Chattahoochee Post 251

 2760 Duluth Highway 120, Duluth, Georgia 30096


Not unlike the group of twenty officers credited with planning the American Legion almost thirty years earlier, twenty-five veterans of World War II came together in 1948 to plan an American Legion Post to serve their community.
Their community, Duluth, Georgia, is located in the northwest quadrant of Gwinnett County, on the border of Fulton County and bound by the Chattahoochee River. Georgia legislators created the South’s most dynamic county in 1818 from frontier land, which the Creek Indians had ceded to the state. The county was named after Button Gwinnett, a fiery patriot and one of Georgia’s three signers of the Declaration of Independence.
As the state of Georgia was forming the county, it is highly likely that Evan Howell was planning his move west from Cabarrus County, North Carolina. In 1821, Evan Howell, the first successful farmer and merchant of what would become Duluth, Georgia, settled the Cherokee Indian Territory. He built his home and began working to bring his people into this part of the country. The community prospered, and with the coming of the railroad in 1873, the original town of Howell’s Crossroads was officially renamed Duluth.
Duluth was named as a joke after Duluth, Minnesota, the origin point of the railroad, when Congressman J. Proctor Knott of Kentucky made fun of the name. Despite the joking, today there is even a Proctor Square and Knott Street in town. This tradition of having fun while still providing a safe and beautiful community is the hallmark of Duluth and the underlying theme of the American Legion Post to be born.

Our group met in the gymnasium of the Duluth School following a basketball game. Infused with the atmosphere of excitement and victory still lingering in the gym, the founding members of our Post each contributed twenty five dollars ($25.00) and made plans to rent the original Post Home on the banks of the Chattahoochee River. Thus the American Legion Chattahoochee Post Number 251 was born. They purchased lumber to build a bar, four cases of beer, two cases of colas, and some ice; the fun was about to begin.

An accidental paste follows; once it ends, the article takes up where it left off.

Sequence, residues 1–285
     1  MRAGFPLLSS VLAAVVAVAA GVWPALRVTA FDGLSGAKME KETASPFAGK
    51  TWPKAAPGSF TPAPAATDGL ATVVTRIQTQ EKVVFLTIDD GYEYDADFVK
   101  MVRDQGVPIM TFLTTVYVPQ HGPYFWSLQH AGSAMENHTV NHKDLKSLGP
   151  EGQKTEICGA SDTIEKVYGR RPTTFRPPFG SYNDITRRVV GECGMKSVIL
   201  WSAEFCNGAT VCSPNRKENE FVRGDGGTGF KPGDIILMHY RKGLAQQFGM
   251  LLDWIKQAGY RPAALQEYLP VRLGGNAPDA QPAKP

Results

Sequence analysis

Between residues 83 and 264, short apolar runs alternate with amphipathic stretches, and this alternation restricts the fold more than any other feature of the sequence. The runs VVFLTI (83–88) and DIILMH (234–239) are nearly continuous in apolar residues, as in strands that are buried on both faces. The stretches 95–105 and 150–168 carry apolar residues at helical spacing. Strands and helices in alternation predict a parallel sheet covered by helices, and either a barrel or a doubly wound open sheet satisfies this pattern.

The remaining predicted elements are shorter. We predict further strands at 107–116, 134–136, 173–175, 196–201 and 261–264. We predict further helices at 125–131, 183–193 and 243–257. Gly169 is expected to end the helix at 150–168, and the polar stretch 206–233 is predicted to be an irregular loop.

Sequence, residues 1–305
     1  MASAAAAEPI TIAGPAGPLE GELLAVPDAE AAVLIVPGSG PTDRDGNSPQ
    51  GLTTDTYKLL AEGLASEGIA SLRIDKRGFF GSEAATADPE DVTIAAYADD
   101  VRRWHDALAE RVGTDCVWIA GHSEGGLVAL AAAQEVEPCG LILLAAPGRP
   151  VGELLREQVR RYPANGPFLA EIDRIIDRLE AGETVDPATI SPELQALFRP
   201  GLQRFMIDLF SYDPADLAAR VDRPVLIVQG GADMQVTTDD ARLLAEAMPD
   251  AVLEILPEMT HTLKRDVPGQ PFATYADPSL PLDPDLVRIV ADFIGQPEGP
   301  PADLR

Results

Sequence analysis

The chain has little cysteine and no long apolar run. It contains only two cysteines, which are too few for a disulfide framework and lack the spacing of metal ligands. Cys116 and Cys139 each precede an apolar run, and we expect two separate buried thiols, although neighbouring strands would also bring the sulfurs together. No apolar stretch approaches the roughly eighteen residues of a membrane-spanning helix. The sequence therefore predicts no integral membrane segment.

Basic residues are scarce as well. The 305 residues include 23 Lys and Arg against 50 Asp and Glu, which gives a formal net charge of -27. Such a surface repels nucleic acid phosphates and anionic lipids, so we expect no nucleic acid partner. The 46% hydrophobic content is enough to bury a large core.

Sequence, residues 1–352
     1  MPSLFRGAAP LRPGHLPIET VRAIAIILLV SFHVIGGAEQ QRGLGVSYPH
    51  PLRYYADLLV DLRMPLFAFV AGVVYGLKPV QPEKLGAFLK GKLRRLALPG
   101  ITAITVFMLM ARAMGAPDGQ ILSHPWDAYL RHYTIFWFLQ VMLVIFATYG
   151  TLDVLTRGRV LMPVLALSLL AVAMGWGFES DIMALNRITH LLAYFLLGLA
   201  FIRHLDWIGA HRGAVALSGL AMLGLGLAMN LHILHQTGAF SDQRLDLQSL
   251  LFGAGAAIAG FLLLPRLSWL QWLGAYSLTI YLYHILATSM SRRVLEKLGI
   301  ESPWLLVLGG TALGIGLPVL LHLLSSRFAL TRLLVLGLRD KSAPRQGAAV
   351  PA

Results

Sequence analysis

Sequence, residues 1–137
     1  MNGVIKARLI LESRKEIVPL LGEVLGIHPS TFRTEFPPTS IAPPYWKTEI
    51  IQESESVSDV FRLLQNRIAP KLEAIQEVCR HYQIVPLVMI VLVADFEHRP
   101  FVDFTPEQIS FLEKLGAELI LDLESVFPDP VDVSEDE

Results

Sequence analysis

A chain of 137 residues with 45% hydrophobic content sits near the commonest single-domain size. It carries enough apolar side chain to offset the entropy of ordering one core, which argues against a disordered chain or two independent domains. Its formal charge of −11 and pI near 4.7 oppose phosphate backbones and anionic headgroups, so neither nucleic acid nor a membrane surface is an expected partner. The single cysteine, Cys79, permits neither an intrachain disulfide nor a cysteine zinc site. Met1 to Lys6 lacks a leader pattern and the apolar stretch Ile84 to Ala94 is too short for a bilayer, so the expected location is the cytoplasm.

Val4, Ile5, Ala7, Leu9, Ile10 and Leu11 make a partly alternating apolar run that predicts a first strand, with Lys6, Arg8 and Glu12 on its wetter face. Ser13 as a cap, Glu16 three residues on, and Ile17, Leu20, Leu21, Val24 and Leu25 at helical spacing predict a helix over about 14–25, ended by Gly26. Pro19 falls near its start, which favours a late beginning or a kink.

In November of that year, they hired Roy Moulder as the first bartender, paying him fifty dollars ($50.00) a week in salary. Not long after that, while operating on a temporary charter, the Post was experiencing growing pains. Elmer Ethridge and Joe Barker met with Thurman Green to negotiate the purchase of just over seven and one half acres of land along Duluth Highway. The deal was closed with a handshake for one hundred dollars ($100.00) per acre. A week later, Russel McGee, the Post Finance Officer, issued a check for seven hundred and sixty nine dollars ($769.00).
The Post remained on the river until 1955, at which time construction of the new Post Home was underway. As soon as the basement was complete, the Post moved in. It would take until 1959 before the building was complete, and it is still in use today.